I would also be interested in the correct method for checking for rot, how to deal with checking etc.
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Old 13-12-2015, 20:57   #40
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Re: Replacing Traditional Wood Masts with Alloy

Hi Pelagic,
First, as has been said above, it is not necessary to match the exact species of wood. Masts are commonly made from both spruce and fir. What you do need, if you are splicing in repair parts, is a good, high quality softwood, clear, straight grained, and vertical grained.

If you need to cut out and splice in pieces I suggest you build a fixture and make the cuts with a router. It is a quick, painless and very accurate way cut splices, and it eliminates most of the skilled hand work. The jig will ensure accurate, clean splice joints. 10 to 1 is considered standard.

I think that this can be a project that you will enjoy. Good woodwork is not that difficult to do, and the finished result can be quite satisfying.
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Old 14-12-2015, 01:54   #41
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Re: Replacing Traditional Wood Masts with Alloy

Yes, it seems to be fastener driven and related to the lack of expansion of the paint (can't keep up with the wood) as well.

You've gotten some great advice. If using the most common woods for spars -- this would be spruce and fir, you'll be able to tell you've got one or the other. Other woods, maybe so, maybe not. The thing to match is the dimensional stability of the wood. You don't want to put in a wood that expands a lot more (or less) than the wood you've got in place because its that mis-match of expansion/contraction with moisture content that will mess with your glue seams.

Definitely use a jig and router and work with a 10:1 or 12:1 scarf on the edges of any bits that you may have to put in place. It is quite possible that you may only be looking at digging out a seam or a small crack (using a hacksaw blade for example) and gluing in literally a splinter of wood in those cracks. Or, you may route out a small dutchman that doesn't go all the way through -- this may be extremely superficial. Even so, don't be tempted to glop some thickened epoxy in there--do your repairs properly using wood and only resort to epoxy as your glue--not to fill a void.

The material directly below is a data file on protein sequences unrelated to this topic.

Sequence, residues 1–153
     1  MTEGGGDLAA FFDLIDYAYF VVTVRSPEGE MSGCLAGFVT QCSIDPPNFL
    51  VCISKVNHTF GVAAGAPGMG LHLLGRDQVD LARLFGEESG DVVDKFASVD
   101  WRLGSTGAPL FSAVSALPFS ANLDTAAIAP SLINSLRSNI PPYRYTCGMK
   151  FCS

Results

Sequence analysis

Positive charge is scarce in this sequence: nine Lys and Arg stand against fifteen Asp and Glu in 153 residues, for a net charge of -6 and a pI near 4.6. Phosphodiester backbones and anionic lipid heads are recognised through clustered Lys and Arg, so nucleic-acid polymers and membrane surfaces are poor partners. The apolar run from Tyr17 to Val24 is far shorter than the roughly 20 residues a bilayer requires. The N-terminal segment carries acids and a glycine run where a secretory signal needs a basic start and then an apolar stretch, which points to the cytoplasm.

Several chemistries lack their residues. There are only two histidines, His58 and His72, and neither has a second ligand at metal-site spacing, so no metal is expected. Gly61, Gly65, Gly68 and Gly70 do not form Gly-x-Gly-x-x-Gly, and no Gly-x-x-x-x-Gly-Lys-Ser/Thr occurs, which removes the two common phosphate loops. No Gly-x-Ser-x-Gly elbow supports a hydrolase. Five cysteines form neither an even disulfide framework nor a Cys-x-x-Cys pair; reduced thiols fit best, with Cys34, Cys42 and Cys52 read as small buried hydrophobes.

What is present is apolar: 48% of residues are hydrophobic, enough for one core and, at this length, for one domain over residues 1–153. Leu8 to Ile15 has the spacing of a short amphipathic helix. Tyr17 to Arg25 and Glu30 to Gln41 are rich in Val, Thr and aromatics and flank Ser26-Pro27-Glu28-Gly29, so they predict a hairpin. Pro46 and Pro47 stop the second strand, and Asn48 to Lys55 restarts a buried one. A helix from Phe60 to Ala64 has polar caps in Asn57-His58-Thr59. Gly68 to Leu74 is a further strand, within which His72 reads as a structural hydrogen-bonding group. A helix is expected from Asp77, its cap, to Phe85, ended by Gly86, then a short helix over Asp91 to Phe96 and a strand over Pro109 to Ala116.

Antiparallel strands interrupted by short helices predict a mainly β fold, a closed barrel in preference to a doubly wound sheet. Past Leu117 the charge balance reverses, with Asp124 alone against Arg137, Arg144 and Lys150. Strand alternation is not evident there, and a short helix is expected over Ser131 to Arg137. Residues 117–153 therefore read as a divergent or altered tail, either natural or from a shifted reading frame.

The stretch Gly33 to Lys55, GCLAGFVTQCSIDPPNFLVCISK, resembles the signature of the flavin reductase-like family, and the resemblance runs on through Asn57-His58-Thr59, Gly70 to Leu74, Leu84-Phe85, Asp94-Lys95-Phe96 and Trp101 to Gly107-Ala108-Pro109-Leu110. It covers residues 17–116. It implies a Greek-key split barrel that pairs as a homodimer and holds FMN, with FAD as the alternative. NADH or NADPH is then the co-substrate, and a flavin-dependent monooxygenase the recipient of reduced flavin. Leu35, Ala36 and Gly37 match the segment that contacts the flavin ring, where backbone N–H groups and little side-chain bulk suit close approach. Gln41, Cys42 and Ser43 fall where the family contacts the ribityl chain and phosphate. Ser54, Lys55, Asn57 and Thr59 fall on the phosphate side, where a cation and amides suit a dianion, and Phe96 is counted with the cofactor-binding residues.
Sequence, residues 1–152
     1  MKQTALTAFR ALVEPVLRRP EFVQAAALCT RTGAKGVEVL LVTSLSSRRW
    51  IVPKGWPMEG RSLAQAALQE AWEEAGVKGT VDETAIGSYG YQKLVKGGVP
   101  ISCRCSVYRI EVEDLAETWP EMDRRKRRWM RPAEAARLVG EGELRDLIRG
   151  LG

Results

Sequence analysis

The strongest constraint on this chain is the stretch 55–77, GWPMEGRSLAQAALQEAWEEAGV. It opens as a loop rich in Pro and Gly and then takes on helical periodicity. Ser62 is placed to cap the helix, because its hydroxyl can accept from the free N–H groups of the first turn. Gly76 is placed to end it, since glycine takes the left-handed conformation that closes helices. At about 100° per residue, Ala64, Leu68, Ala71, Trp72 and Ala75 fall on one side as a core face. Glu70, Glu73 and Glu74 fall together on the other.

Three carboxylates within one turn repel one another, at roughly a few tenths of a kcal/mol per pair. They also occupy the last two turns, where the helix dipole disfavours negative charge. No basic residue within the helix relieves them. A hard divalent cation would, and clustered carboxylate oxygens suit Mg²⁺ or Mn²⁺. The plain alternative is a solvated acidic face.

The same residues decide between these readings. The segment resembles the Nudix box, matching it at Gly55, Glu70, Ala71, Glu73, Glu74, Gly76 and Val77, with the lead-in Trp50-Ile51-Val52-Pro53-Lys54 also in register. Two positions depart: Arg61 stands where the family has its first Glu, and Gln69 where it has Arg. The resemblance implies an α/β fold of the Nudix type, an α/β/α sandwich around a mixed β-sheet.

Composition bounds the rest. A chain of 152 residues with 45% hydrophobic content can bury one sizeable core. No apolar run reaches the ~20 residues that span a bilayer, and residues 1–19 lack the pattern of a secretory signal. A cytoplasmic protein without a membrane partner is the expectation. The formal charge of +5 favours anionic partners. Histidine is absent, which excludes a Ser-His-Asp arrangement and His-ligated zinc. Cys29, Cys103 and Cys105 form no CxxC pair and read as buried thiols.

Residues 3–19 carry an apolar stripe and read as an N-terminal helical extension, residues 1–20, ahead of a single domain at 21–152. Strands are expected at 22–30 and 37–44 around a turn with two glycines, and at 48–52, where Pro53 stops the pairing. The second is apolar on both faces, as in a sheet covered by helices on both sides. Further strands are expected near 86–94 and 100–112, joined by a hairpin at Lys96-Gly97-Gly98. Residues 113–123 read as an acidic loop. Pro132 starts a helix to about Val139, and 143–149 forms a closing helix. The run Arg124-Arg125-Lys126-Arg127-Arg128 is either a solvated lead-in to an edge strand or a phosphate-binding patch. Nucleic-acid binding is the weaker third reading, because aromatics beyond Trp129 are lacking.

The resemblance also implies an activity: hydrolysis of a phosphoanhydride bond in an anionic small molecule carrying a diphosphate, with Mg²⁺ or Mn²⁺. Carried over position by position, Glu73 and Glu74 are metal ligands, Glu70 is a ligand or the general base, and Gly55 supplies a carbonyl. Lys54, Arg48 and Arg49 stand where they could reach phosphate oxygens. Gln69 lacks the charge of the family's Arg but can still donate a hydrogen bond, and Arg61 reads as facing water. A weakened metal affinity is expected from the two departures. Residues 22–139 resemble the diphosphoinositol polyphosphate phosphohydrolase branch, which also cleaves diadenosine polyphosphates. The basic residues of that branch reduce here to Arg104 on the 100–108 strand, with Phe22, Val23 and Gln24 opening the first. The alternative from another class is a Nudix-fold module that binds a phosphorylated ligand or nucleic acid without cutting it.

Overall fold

Can't wait to see when you strip that paint off. Best of luck!
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Old 14-12-2015, 02:36   #42
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Re: Replacing Traditional Wood Masts with Alloy

Thanks all for the reassuring advice on fixing my wood masts

Researching what kind of 33 year old wood I have will be a challenge as Dutch builder Van Hellerman is long gone .

Comment about oversized fasteners stumped me, as I was able to reuse the same that came off in 2009
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Old 14-12-2015, 04:02   #43
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Re: Replacing Traditional Wood Masts with Alloy

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Originally Posted by Formosa Scott View Post
I would suggest asking this question here as well: The WoodenBoat Forum
I would also be interested in the correct method for checking for rot, how to deal with checking etc.
I think general concept for repairing checking has been explained. As far as surveying for rot an awl is sometimes used as a probe for hull planking and framing, although this is a destructive technique that will leave marks.